and only when.Derecognition of a Financial Liability • An entity is required to remove a financial liability (or a part of a financial liability) from its balance sheet (i.e. – PSAK 55 explains that a financial liability is extinguished when the obligation specified in the contract is discharged or cancelled or expires. or 2. • A financial liability or part of it is extinguished when the debtor either: 1. discharges the liability or part of it by paying the creditor. it is extinguished. Edited by Taufik Hidayat . normally with cash. is legally released from primary responsibility for the liability (or part of it) either by process of law or by the creditor. derecognise a financial liability) when. other financial assets. goods or services.

Forward Contracts • An agreement between two parties (counterparties) whereby one party agrees to buy and the other party agrees to sell a specified amount (notional amount) of an item at a fixed price (forward rate) for delivery at a specified future date (forward date). “A” Company Sells Forward Contract “Forward sales contract” “B” Company “Forward purchase contract” Edited by Taufik Hidayat . • Can either be a forward purchase contract or a forward sales contract. depending on the perspective of the counterparties.

Forward Contracts (2) • Not standardized contracts as they are not traded on an exchange – They entail counterparty risks – They are can be tailored to specific needs of counterparties – They involve lower transaction costs • Fair value of forward contract: Notional x amount (Current forward rate – contracted forward rate) t (1+r) where Contracted forward rate is forward rate fixed at inception r = discount rate Current forward rate is forward rate for remaining period to maturity t = period to maturity Edited by Taufik Hidayat .

Forward Contracts: Journal Entries At inception No journal entry as fair value is nil During life of contract Closing position or at expiration* Dr Forward Contract (asset) Cr Gain on forward contract Dr Cash Cr Forward contract or Dr Loss on forward contract Cr Forward Contract (liability) Dr Forward contract Adjust fair value and record gain/loss Close out and record net settlement of contract Cr Cash * It’s also required the journals to adjust fair value and settlement of underlying at expiration. Edited by Taufik Hidayat .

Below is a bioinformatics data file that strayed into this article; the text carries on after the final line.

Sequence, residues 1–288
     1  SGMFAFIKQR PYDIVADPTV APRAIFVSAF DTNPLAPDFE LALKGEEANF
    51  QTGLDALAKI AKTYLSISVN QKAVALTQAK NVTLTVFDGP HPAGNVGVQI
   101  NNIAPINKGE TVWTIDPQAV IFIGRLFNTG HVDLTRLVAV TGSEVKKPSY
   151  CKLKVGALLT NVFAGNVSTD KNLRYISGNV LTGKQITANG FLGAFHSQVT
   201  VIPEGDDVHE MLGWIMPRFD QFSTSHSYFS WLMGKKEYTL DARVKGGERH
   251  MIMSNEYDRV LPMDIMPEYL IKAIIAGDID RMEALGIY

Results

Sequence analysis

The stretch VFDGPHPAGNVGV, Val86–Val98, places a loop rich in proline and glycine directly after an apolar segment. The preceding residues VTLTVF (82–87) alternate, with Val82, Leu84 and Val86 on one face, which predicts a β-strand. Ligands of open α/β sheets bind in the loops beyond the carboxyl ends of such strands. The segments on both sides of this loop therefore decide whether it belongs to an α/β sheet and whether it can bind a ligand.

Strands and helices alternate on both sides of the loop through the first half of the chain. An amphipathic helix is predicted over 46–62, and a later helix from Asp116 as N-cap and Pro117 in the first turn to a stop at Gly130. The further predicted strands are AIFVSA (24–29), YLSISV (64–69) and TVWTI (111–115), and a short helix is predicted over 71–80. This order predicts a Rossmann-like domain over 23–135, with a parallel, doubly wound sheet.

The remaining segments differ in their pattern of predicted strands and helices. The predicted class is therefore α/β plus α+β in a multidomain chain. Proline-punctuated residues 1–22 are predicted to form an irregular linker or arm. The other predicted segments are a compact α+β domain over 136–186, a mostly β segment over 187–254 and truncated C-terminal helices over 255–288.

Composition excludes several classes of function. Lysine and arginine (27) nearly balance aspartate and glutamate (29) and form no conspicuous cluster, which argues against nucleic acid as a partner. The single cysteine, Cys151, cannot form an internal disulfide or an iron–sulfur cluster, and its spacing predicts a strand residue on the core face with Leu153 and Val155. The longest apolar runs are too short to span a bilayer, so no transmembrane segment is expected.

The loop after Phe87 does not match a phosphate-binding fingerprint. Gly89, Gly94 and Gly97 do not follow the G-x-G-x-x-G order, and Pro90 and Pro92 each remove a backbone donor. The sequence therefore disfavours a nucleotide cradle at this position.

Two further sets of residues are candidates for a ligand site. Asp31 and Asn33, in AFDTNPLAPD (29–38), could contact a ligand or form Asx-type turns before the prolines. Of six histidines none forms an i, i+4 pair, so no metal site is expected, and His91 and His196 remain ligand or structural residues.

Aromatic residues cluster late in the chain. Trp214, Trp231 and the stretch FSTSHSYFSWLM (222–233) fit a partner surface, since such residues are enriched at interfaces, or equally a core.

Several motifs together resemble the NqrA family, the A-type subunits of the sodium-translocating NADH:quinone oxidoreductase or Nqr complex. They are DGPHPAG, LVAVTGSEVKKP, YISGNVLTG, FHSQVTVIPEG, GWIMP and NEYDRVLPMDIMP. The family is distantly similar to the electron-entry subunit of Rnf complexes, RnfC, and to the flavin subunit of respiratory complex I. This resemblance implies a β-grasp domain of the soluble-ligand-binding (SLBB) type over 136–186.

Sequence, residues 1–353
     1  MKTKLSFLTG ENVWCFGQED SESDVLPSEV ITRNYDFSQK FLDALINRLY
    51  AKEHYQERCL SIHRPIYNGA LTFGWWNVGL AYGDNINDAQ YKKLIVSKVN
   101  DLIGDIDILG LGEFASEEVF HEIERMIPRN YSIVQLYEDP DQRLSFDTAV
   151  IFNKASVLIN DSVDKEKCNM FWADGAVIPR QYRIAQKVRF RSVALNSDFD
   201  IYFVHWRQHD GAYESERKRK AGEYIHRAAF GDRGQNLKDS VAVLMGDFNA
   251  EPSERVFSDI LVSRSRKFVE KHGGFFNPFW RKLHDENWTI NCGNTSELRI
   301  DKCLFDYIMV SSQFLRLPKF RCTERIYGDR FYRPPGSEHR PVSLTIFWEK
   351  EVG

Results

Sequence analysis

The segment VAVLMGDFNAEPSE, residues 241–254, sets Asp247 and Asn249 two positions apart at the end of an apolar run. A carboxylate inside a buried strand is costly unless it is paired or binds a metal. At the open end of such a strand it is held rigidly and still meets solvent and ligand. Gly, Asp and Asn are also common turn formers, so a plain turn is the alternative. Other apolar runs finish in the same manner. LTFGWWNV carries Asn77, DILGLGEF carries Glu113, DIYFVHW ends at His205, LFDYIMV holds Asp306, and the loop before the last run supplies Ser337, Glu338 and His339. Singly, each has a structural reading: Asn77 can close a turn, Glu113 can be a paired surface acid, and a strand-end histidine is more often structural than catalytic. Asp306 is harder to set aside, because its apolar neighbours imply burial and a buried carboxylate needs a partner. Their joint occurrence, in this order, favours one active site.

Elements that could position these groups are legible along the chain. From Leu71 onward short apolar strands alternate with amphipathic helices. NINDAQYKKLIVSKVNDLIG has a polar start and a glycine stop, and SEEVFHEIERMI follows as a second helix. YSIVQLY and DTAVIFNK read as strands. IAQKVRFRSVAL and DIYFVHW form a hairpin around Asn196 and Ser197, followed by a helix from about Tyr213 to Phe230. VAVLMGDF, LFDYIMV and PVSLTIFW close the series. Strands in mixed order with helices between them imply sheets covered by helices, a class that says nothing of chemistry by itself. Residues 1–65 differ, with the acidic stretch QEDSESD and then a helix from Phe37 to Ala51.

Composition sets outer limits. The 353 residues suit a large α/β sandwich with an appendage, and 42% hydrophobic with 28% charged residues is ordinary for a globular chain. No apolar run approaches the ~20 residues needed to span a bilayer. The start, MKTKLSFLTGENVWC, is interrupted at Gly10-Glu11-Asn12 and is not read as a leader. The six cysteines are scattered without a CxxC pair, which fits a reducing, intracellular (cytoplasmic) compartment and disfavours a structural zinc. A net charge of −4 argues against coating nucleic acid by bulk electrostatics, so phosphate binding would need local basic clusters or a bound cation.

000) for delivery on May 30. Following exchange rates are given: Date Spot rate $/FC May 30 forward rate $/FC March 1 $1.21 April 30 1.215 1.Forward Contracts : illustration Example Example • On March 1.20 March 31 1.000. Company A entered into a forward contract with a foreign exchange dealer to buy 1 million foreign currency (FC 1.185 $1.19 1.205 May 30 1.20 1.215 Edited by Taufik Hidayat . 20X5. 20X5.

000.2 .000 10.000 10.000 To record change in fair value of forward contract (1.Forward Contracts: illustration (2) Example Example Date March 1 Account Amount No Entry Fair value of forward contract is zero at inception March 31 Dr Forward Contract (asset) Cr Gain on Forward Contract April 30 May 30 10.000 To record change in fair value of forward contract (1.000 Dr Forward Contract (asset) Cr Gain on Forward Contract 10.000 • When forward contracts fall due more than 12 months after the reporting period.205) x 1.000.215) x 1.1.215.21 .2) x 1.000 Dr Loss on Forward Contract Cr Forward Contract (liability) 5.000 (1.000 1.205) x 1. .21 .000 1.000.215 x 1.1.000 1.000 To record change in fair value of forward contract (1.000.000 15.215.215 .000 Dr Cash Cr Forward Contract To close forward contract at maturity Dr Foreign Currency Cr Cash To record settlement of underlying 5.000 15. they should be Edited by Taufik Hidayat discounted.000.1.1.

000 Dr Foreign Currency Cr Cash Cr Forward Contract To close forward contract at maturity Edited by Taufik Hidayat 5.21 .1.205) x 1.000 15.000 To record change in fair value of forward contract (1.000 1.000 10.000 To record change in fair value of forward contract (1.200.Forward Contracts: illustration (3) Example Example Alternative journal entries: Date March 1 Account Amount No Entry Fair value of forward contract is zero at inception March 31 Dr Forward Contract (asset) Cr Gain on Forward Contract April 30 May 30 10.215) x 1.000.21 .2) x 1.000 10.215.000 .1.2 .215 .205) x 1.000 Dr Loss on Forward Contract Cr Forward Contract (liability) 5.1.000* *(1.000.000 1.000 Dr Forward Contract (asset) Cr Gain on Forward Contract 10.000.1.000.000 To record change in fair value of forward contract (1.